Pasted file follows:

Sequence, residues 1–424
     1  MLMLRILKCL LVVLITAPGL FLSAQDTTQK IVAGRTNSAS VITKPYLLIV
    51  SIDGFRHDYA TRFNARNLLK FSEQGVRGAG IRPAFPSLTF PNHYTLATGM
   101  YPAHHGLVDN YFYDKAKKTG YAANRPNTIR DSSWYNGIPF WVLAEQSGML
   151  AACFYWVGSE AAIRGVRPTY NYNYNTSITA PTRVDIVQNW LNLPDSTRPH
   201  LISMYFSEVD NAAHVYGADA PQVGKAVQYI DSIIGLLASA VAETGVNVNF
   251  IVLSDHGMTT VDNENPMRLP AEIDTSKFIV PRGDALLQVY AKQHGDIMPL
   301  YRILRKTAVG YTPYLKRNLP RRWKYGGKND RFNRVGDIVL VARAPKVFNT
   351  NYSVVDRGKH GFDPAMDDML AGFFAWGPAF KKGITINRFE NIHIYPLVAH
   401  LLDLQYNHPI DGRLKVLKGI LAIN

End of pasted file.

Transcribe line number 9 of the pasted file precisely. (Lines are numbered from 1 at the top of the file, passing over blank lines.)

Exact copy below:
   351  NYSVVDRGKH GFDPAMDDML AGFFAWGPAF KKGITINRFE NIHIYPLVAH